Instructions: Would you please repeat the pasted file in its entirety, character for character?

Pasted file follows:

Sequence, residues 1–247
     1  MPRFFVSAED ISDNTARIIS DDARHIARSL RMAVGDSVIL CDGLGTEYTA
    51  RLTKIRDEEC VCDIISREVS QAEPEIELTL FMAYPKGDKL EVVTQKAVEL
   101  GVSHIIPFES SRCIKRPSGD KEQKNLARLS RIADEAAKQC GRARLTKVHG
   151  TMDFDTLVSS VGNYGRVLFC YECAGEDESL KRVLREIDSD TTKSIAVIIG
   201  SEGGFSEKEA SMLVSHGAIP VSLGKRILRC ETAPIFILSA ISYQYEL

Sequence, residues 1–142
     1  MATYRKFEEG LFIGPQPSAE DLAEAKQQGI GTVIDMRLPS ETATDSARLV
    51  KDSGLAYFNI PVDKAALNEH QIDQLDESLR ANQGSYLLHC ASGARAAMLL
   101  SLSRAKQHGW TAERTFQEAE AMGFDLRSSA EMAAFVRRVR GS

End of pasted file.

Sequence, residues 1–247
     1  MPRFFVSAED ISDNTARIIS DDARHIARSL RMAVGDSVIL CDGLGTEYTA
    51  RLTKIRDEEC VCDIISREVS QAEPEIELTL FMAYPKGDKL EVVTQKAVEL
   101  GVSHIIPFES SRCIKRPSGD KEQKNLARLS RIADEAAKQC GRARLTKVHG
   151  TMDFDTLVSS VGNYGRVLFC YECAGEDESL KRVLREIDSD TTKSIAVIIG
   201  SEGGFSEKEA SMLVSHGAIP VSLGKRILRC ETAPIFILSA ISYQYEL

Sequence, residues 1–142
     1  MATYRKFEEG LFIGPQPSAE DLAEAKQQGI GTVIDMRLPS ETATDSARLV
    51  KDSGLAYFNI PVDKAALNEH QIDQLDESLR ANQGSYLLHC ASGARAAMLL
   101  SLSRAKQHGW TAERTFQEAE AMGFDLRSSA EMAAFVRRVR GS